Posts Tagged 'poison dart frogs'

Happy World Frog Day!

Can YOU freeze during winter hibernation, thaw, and continue on? Yeah, we didn’t think so… 

In celebration of World Frog Day, we’ve put together an infographic that highlights some of our favorite amphibian facts!

national aquarium frog infographic

Did you know? The word amphibian comes from the Greek word amphibios, which refers to the fact that the early life stages of many frogs are aquatic and that the adult stages are generally terrestrial.

There are approximately 6,000 known species of frog found worldwide (on every continent except Antarctica)! Frogs are especially prevalent in North and South America! Not all frogs are poisonous, but run-ins with those that do posses toxins can be fatal.

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The Life Cycle of Poison Dart Frogs Explained

Blog-Header-AnimalExpertUpd

National Aquarium has had a long, successful history of breeding poison dart frogs. Here in the Upland Tropical Rain Forest exhibit, we have 16 species of poison dart frogs. Over the last few decades, scientists have become very interested in the reproductive strategies of these species and how they care for their young.

blue poison dart froglet

Dart frogs are incredibly intriguing animals. In addition to possessing toxins and bright colorations/patterns, they also have a fairly complex life cycle!

For most species, females will choose a leaf lying on the rain forest floor to deposit a mass of eggs, which the male will then fertilize. Males are oftentimes in charge of guarding the eggs while they develop.

poison dart frogs developing

Here at the Aquarium, most of our tadpoles develop behind-the-scenes in their own simulated bromeliad cup.

Once the tadpoles have developed, one parent will carry each tadpole to their very own pool of water held in a plant, known as a phytotelma. In the wild, some dart frog species (including many of the species we have in our collection) choose the water-filled cups at the base of bromeliads to safely store young.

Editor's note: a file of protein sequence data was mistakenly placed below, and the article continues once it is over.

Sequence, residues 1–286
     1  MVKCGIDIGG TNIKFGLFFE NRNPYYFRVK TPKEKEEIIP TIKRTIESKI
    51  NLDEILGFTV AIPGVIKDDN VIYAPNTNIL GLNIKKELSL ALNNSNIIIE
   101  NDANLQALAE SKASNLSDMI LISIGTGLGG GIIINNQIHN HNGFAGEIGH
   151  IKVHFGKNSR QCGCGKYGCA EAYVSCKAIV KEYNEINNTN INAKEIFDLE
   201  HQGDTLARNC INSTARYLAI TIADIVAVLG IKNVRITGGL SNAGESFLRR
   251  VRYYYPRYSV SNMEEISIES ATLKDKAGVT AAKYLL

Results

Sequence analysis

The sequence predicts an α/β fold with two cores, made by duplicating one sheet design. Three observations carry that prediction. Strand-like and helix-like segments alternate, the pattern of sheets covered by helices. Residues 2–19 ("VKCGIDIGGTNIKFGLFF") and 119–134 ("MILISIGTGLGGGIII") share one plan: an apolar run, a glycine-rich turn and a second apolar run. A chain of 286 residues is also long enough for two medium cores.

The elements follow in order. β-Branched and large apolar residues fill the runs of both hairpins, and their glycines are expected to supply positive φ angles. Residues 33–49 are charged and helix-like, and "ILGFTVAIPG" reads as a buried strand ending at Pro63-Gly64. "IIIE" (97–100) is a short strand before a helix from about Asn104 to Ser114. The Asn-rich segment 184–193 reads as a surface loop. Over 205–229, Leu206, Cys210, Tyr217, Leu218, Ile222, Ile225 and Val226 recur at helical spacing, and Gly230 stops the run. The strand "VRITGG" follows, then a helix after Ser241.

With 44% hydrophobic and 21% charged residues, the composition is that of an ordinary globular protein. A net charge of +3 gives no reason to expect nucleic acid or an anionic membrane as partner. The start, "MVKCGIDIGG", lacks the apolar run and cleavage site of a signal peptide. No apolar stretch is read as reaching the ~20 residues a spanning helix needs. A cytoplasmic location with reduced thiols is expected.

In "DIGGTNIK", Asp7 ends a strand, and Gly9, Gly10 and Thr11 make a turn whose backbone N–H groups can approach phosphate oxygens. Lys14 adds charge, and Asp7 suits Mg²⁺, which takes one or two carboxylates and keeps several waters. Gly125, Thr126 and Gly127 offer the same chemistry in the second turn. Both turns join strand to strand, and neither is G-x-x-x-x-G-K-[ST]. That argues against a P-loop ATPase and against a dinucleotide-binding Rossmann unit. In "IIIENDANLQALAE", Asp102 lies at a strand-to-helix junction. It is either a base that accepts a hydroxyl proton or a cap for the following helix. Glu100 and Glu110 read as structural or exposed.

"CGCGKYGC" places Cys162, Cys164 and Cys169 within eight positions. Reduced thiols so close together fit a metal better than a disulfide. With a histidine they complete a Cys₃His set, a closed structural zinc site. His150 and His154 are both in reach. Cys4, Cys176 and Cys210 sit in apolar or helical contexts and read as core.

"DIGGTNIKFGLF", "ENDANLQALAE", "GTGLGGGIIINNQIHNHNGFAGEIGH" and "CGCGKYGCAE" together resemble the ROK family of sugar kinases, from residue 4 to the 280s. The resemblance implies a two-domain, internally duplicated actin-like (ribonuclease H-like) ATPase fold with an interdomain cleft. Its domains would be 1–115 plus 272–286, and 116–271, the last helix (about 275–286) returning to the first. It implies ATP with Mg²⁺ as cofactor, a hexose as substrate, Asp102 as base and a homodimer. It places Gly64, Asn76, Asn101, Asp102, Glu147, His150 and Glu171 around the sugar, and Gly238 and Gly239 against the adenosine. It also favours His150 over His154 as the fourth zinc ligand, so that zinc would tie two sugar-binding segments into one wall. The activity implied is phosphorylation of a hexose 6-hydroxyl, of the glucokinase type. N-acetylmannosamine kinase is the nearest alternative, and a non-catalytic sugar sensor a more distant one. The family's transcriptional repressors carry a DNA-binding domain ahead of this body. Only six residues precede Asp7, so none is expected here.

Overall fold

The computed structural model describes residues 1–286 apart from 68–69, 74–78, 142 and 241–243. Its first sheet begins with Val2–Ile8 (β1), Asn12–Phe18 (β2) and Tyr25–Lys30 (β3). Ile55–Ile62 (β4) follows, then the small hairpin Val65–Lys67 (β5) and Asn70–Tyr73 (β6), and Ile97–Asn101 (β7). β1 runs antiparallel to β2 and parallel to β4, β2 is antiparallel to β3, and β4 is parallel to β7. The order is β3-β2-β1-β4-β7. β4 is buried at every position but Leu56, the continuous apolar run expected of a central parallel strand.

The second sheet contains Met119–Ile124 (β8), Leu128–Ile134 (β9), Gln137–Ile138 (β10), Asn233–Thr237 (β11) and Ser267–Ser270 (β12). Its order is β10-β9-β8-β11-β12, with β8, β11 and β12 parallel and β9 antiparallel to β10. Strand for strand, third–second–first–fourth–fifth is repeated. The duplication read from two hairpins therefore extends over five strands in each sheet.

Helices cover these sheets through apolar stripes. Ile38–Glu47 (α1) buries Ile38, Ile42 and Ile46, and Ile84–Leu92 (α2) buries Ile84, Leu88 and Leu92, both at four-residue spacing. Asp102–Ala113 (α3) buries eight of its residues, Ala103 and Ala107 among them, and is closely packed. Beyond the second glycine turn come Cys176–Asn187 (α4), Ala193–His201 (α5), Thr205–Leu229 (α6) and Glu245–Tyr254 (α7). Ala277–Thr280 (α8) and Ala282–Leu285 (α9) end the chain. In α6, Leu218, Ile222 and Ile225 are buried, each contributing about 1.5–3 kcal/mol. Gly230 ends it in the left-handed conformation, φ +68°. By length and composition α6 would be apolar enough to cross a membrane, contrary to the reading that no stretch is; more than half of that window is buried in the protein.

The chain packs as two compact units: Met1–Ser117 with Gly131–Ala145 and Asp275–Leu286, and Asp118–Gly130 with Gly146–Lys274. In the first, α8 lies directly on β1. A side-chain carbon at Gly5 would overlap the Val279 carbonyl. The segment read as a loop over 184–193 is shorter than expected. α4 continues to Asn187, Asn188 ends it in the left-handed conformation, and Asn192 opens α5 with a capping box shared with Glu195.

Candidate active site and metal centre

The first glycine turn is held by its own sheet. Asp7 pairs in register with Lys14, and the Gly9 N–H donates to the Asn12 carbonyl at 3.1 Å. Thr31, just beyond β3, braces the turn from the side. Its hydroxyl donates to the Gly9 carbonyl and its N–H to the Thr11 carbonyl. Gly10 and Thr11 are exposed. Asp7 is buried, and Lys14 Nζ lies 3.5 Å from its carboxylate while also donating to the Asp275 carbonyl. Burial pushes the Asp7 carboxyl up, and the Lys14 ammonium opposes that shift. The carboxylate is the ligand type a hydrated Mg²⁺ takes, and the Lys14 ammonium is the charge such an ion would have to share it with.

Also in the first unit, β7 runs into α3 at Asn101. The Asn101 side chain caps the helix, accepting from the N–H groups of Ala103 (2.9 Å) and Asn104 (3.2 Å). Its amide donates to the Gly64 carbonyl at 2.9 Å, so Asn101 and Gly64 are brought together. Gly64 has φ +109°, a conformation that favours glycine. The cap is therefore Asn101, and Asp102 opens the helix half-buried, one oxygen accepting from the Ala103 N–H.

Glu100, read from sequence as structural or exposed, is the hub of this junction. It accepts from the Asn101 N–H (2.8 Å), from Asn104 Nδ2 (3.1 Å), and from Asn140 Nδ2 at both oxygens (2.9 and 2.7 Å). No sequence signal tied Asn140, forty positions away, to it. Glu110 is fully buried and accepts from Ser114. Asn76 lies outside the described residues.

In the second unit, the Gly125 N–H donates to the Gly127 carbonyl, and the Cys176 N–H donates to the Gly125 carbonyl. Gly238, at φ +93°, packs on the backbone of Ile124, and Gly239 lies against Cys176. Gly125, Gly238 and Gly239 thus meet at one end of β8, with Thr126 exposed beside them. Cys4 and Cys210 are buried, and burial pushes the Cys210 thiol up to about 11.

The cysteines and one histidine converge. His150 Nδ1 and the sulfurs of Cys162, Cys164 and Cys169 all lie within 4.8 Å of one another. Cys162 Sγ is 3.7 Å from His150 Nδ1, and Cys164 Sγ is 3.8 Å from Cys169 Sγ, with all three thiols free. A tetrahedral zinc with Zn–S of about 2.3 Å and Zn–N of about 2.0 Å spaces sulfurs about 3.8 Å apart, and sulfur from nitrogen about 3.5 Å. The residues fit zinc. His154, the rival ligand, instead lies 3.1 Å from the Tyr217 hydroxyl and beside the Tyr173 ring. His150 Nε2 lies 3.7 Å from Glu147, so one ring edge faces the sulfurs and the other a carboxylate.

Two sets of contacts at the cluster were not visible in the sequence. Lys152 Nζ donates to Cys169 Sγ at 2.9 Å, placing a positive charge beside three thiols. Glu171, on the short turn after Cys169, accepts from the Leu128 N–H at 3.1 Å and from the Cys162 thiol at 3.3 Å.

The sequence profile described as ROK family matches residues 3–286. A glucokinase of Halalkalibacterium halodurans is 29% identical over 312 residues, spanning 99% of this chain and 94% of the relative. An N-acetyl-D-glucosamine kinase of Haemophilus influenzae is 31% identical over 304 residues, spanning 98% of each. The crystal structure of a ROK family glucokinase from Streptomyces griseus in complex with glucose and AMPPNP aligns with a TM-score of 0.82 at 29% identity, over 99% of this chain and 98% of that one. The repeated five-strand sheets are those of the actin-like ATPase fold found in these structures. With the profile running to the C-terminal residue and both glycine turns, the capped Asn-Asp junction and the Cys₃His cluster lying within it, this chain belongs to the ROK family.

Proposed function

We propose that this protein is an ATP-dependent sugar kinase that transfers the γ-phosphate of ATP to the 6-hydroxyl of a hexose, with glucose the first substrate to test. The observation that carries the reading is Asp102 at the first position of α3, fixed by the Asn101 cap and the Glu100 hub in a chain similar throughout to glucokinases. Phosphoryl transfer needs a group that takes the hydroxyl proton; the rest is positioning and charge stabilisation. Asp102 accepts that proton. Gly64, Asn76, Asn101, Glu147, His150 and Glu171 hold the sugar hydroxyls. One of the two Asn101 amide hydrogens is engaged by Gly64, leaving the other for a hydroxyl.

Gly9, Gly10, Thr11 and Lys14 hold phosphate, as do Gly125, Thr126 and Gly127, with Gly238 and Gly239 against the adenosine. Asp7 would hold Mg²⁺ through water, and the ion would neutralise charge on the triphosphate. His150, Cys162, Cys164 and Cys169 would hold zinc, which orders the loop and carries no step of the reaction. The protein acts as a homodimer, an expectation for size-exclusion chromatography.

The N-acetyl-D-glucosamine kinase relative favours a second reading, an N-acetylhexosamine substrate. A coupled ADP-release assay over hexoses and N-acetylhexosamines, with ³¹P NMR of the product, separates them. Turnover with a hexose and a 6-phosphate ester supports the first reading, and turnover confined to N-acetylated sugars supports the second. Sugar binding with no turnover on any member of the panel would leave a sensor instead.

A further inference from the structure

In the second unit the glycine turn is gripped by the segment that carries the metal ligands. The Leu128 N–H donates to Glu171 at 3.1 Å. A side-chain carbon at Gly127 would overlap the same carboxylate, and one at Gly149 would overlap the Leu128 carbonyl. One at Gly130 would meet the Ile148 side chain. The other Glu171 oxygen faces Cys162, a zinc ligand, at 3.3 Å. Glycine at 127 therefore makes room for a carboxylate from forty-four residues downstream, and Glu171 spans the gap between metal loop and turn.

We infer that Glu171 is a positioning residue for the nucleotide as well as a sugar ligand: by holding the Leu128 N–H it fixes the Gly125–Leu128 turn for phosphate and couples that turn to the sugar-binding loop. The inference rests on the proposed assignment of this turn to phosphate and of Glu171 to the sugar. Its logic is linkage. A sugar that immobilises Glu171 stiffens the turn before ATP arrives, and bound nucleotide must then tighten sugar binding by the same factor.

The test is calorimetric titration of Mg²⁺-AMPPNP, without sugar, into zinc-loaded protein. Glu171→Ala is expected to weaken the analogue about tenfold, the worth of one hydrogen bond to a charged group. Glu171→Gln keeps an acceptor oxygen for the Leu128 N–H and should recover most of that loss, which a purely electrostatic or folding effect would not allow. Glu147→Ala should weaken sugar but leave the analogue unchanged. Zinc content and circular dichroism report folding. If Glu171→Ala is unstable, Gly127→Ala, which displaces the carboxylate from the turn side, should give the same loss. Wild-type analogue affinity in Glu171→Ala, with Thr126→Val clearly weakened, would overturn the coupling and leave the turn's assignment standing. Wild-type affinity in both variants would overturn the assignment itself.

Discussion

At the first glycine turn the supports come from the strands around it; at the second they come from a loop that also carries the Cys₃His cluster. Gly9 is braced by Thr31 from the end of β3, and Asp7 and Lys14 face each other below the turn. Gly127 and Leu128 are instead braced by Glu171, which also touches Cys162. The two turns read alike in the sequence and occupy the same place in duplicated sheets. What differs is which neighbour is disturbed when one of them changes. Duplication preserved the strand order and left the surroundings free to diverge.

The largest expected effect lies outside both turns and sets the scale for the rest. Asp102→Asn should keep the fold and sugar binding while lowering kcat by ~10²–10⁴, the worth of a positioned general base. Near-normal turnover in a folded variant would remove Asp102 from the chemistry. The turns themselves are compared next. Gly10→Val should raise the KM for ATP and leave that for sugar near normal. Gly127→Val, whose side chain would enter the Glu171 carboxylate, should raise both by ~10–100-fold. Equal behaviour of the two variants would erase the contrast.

Many tadpoles are omnivorous and most species will feed on algae and/or other small animal life (including other tadpoles). During their time in the bromeliads, the tadpoles will progressively metamorphose into full-fledged froglets!

The transition takes approximately two months, and they typically reach adult size and maturity within a year.

The normal life span for these animals in zoos and aquariums is about 10-15 years. Here at the Aquarium, we’ve had frogs live to be at least 23 years old!

ken howell rain forest expert national aquarium

What in the world is a Kokoe-Pa?

Kokoe-Pa female and offspring

The Kokoe-Pa poison dart frog (also called the harlequin poison dart frog) has become a rarity in captive collections. For the past several years, we have maintained one female (wild caught and arriving at the National Aquarium, Baltimore, in 2001 as a USFWS confiscation) and a male that was born here in 2002.

These frogs are particularly difficult to successfully reproduce, as the tadpoles are obligate egg feeders. After a clutch of eggs are laid, the parents move each tadpole to its own small reservoir of water, usually within a bromeliad plant. The female frog will then return every other day or so to lay unfertilized eggs into the water for the tadpole to feed upon.

Research on other obligate egg-feeding dart frogs suggests that mother frogs may recognize their own tadpoles by specific “begging” behaviors during the process.

New Kokoe-Pa offspring

In 2005 and 2009, we had egg-laying episodes that, unfortunately, did not result in thriving viable young. Our herpetologists have paid particular attention to this species, closely monitoring their enclosure temperature, food supply, supplementation, and use of artificial bromeliads (which tend to decompose and fall apart just before the tadpoles have completed their development and metamorphosed into small froglets).

This year we are happy to report that a 2011 egg-laying event has produced at least two offspring that have hit the 3-month-old mark! They look spectacular and appear to be thriving.

The Kokoe-Pa are housed in a special off-exhibit enclosure while we work on all the details of their husbandry.


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